Exciting news! My hubby and I are expecting! We found out we’re having a girl who is due in early September. We’re very happy. Obviously I love to sew, so I wanted to make a baby quilt to celebrate and to use as the first item in our nursery. Being fairly new to quilting, I heard a baby chevron quilt using half-square triangles (also called HST) was a realistic quilt to make. As beginner as it was, I ran into a few problems because of the directional fabric I chose! This post is about how to make half-square triangles and also about how to make them with directional fabric.
See the aqua fabric with the bird cages? See the pink fabric with the leaves? Those are considered directional fabrics because the print is going in one or 2 directions. The other fabrics are non-directional because you can lay them down in any way and the direction doesn’t matter. (Fabrics I used are all Keepsake Calico Prints from Joanne.) For quilting, directional fabric can be tricky to use… hence what this post is all about!
To start, let’s all be on the same page with how to make a half-square triangle (HST). You need 2 pieces. I used a white 5″ square with each of my 5″ patterned pieces. (5″ squares can also be called “Charm Squares.)
Step 1: Draw a line down the centre, corner to corner, of one of the patterned pieces. I used pen because it will be cut through later. If you’re using directional fabric, this step needs to be carefully planned (explained later.) If your fabric is non-directional, it doesn’t matter which corners you draw your line through.
Step 2: Lay the patterned piece over the white piece, right sides together.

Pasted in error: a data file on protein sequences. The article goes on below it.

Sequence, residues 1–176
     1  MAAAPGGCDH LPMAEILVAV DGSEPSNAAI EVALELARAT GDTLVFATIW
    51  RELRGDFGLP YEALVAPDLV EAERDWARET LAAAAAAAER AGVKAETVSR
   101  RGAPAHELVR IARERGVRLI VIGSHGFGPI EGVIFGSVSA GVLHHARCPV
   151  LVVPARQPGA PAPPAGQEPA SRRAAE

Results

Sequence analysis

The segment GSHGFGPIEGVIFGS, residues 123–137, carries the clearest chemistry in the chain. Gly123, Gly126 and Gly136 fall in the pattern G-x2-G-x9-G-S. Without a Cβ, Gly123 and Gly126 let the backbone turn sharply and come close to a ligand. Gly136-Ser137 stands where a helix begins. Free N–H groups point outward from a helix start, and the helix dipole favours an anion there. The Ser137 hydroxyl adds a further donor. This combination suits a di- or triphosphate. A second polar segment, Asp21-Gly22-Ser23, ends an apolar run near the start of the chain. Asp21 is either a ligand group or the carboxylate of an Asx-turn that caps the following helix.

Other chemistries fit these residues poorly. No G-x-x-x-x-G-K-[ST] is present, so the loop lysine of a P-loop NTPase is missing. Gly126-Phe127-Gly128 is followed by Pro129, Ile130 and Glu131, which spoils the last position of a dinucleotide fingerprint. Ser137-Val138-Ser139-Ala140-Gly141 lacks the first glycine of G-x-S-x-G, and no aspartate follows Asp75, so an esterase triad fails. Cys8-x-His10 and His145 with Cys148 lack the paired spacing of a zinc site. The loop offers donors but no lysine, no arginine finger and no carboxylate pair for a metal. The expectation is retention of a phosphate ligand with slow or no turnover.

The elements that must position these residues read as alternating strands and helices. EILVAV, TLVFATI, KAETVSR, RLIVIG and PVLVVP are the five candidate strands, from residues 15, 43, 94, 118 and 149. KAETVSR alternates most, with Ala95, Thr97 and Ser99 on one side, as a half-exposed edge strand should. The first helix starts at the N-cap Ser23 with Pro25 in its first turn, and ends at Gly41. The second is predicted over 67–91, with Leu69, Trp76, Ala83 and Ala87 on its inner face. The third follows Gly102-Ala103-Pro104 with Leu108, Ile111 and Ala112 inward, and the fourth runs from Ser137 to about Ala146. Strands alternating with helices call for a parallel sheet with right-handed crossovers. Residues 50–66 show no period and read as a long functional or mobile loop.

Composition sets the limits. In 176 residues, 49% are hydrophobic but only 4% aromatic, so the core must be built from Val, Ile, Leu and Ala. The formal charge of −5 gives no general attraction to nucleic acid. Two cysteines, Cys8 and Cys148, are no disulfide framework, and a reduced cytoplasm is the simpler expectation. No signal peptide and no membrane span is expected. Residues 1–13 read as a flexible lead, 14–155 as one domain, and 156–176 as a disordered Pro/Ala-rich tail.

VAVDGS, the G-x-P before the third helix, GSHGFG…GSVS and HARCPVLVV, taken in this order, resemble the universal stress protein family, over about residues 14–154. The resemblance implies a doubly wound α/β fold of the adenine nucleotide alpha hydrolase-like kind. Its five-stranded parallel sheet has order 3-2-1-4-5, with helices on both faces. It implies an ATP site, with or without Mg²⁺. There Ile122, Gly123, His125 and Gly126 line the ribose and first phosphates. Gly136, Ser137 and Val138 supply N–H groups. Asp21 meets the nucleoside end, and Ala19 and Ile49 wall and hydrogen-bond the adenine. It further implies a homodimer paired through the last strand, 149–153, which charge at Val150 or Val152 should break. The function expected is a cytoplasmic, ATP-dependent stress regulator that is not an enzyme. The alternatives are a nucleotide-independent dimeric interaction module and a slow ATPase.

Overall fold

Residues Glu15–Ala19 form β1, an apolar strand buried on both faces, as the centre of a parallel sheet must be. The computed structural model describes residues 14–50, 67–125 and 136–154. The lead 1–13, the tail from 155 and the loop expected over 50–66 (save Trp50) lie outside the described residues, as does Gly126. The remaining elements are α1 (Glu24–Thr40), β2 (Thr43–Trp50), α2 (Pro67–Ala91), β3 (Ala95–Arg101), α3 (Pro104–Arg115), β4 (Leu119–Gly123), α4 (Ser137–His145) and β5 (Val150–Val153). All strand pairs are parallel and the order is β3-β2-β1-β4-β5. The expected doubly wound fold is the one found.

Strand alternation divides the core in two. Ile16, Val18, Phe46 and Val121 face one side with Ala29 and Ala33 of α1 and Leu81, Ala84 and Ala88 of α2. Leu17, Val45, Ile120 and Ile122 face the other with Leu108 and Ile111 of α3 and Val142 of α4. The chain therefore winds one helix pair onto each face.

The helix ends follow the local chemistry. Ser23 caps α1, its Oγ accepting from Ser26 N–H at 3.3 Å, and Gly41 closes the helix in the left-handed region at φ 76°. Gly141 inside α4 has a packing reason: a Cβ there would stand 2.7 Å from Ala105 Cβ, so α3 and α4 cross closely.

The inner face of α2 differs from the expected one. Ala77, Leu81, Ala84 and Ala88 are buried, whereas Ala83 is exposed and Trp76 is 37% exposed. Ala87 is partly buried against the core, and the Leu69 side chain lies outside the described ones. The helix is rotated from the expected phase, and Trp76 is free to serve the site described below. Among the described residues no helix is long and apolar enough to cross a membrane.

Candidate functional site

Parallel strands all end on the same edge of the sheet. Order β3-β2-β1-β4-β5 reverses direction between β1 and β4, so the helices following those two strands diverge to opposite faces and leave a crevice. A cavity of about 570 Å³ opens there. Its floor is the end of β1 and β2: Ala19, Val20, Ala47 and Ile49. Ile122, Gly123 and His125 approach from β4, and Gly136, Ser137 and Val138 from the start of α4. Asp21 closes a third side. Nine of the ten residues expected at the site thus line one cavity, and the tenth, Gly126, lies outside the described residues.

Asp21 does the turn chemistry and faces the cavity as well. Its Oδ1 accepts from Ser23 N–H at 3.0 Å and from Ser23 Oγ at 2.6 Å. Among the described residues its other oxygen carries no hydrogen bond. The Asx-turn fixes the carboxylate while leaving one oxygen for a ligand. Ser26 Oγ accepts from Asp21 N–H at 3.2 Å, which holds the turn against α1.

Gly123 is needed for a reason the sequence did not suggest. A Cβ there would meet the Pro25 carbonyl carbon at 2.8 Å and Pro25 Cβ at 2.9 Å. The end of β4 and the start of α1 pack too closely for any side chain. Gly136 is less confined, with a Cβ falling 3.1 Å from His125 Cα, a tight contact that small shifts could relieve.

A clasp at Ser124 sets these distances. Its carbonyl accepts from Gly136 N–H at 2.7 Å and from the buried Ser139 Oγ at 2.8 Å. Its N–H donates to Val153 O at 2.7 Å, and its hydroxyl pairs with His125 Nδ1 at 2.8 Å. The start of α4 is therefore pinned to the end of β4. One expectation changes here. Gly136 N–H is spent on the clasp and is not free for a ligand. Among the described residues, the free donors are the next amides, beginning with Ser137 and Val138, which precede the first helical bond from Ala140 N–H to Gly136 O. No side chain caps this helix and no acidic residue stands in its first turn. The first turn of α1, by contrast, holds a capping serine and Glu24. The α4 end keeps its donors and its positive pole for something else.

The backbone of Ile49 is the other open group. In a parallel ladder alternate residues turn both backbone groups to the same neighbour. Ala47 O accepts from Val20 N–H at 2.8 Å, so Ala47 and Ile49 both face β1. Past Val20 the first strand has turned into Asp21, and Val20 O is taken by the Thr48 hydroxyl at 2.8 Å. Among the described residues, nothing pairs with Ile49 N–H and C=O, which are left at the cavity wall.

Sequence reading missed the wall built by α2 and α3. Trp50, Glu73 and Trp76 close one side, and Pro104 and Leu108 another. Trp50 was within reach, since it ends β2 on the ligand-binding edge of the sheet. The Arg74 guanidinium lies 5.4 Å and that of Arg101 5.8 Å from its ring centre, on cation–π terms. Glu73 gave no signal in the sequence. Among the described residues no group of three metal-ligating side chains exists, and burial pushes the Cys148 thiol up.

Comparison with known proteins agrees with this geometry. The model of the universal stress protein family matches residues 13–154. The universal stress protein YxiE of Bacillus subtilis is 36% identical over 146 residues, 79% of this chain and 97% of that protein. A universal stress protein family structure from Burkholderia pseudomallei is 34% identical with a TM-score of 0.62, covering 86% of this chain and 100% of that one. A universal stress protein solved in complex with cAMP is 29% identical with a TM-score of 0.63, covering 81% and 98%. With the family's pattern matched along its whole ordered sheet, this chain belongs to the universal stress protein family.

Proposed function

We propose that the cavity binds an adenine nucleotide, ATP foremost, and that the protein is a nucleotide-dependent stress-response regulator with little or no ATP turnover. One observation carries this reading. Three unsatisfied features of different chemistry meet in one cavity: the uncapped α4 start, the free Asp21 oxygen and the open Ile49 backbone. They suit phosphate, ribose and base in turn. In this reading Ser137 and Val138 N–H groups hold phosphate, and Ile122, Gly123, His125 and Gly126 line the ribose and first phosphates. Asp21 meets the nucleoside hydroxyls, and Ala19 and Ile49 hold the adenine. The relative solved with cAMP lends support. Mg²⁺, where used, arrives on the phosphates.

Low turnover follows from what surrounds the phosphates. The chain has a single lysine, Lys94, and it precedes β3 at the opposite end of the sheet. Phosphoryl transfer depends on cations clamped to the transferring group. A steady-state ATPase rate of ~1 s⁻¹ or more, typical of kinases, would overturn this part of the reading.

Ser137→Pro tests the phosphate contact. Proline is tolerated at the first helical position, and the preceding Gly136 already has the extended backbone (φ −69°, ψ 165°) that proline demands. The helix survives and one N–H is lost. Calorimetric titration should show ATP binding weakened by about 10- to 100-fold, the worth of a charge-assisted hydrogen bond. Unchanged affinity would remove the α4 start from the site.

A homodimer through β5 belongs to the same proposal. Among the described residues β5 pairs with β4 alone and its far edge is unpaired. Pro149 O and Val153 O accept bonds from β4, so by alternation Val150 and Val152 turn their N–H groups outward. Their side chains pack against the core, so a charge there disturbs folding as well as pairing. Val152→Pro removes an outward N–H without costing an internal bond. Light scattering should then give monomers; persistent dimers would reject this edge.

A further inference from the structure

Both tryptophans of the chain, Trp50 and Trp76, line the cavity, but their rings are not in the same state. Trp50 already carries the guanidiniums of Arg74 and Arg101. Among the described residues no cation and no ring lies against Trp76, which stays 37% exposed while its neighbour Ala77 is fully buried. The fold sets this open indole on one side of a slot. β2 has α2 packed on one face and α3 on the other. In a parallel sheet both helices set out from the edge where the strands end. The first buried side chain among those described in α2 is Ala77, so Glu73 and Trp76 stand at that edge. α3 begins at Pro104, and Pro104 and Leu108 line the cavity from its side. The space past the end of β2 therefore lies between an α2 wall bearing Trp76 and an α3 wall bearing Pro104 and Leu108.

Step 3: Stitch on either side of the marked line 1/4 of an inch. I used my 1/4″ presser foot as a guide.
If you prepare a lot of squares at once you can “chain piece” them together like this! First, I sewed 1/4″ on one side of the line on all of the squares, then I turned it around and sewed on the other side of the line on all of the squares.
Step 4: Cut each square in half along the centre line you drew in pen.
Before you know it, you have a ton of HST’s waiting to be pressed!
Step 5: Press each triangle open so that the seam lays below the darker fabric (in this case the patterned fabric.)
Step 6: After sewing, each square is no longer a perfect 5″. They are roughly 4.5″ squares so it’s a good idea to trim them a bit! Use a square ruler as a guide if you can.
With the 45 degree line on the ruler laying over the seam on the square, measure a 4.5″ square and trim the edges. Rotate the fabric square to the other side and trim those edges too.
See that little seam allowance sticking out on the right? give it a trim!
So…at this point, I thought I was ready to sew my quilt in a chevron pattern but when I laid out the squares, the direction of the fabric was going all different ways! ROOKIE MISTAKE!
Here is an example of what happened. See how the birdcages on the left HST are upside down and the birdcages on the right HST are sideways? I want them all to be right side up!
To give you an idea of what it’s supposed to look like, here’s a picture of it after it was fixed. See how all the bird cages are all right side up now? The way to use directional fabric with half-square triangles all lies in where you place your seam. As you can see, for each HST, the seam is going on an angle towards the right or to the left.
To really see what I was doing, I took each square and folded it so that each seam was going up to the right or to the left while making sure that the pattern on the fabric was right side up. I laid them in a pile.
Then, one at a time, I marked the back of each piece with a pen at the same place where I folded square.
I sewed them together with white squares and all the HST’s were perfect!
YAY! The beginnings of a cute baby quilt for our new arrival on the way, xo. I’ll tell you how I finished the quilt in my next post.
You can find another useful blog post on this topic here.
If you’ve done this before and have any more tips, please feel free to comment! Thanks!